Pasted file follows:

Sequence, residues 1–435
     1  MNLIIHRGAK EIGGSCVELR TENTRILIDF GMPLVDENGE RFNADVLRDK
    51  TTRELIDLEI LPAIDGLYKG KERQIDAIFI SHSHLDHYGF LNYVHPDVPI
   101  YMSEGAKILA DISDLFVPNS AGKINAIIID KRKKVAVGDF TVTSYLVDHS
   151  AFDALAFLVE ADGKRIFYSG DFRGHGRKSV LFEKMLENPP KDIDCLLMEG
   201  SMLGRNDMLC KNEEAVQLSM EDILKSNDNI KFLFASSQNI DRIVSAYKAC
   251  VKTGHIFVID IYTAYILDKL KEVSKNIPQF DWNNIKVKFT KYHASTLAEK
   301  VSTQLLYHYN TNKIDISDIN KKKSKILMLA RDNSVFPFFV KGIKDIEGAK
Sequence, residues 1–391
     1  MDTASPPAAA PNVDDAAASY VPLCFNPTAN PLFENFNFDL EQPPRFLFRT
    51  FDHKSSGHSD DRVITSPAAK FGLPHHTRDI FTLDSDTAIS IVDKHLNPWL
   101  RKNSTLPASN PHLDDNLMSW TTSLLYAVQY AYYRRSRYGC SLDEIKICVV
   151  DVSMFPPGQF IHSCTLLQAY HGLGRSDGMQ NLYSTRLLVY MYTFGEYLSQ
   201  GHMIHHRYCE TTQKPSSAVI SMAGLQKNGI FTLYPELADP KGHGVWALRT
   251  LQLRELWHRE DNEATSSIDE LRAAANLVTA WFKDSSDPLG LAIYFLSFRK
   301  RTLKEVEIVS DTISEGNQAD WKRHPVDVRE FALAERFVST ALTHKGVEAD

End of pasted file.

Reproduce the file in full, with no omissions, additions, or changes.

Sequence, residues 1–435
     1  MNLIIHRGAK EIGGSCVELR TENTRILIDF GMPLVDENGE RFNADVLRDK
    51  TTRELIDLEI LPAIDGLYKG KERQIDAIFI SHSHLDHYGF LNYVHPDVPI
   101  YMSEGAKILA DISDLFVPNS AGKINAIIID KRKKVAVGDF TVTSYLVDHS
   151  AFDALAFLVE ADGKRIFYSG DFRGHGRKSV LFEKMLENPP KDIDCLLMEG
   201  SMLGRNDMLC KNEEAVQLSM EDILKSNDNI KFLFASSQNI DRIVSAYKAC
   251  VKTGHIFVID IYTAYILDKL KEVSKNIPQF DWNNIKVKFT KYHASTLAEK
   301  VSTQLLYHYN TNKIDISDIN KKKSKILMLA RDNSVFPFFV KGIKDIEGAK
Sequence, residues 1–391
     1  MDTASPPAAA PNVDDAAASY VPLCFNPTAN PLFENFNFDL EQPPRFLFRT
    51  FDHKSSGHSD DRVITSPAAK FGLPHHTRDI FTLDSDTAIS IVDKHLNPWL
   101  RKNSTLPASN PHLDDNLMSW TTSLLYAVQY AYYRRSRYGC SLDEIKICVV
   151  DVSMFPPGQF IHSCTLLQAY HGLGRSDGMQ NLYSTRLLVY MYTFGEYLSQ
   201  GHMIHHRYCE TTQKPSSAVI SMAGLQKNGI FTLYPELADP KGHGVWALRT
   251  LQLRELWHRE DNEATSSIDE LRAAANLVTA WFKDSSDPLG LAIYFLSFRK
   301  RTLKEVEIVS DTISEGNQAD WKRHPVDVRE FALAERFVST ALTHKGVEAD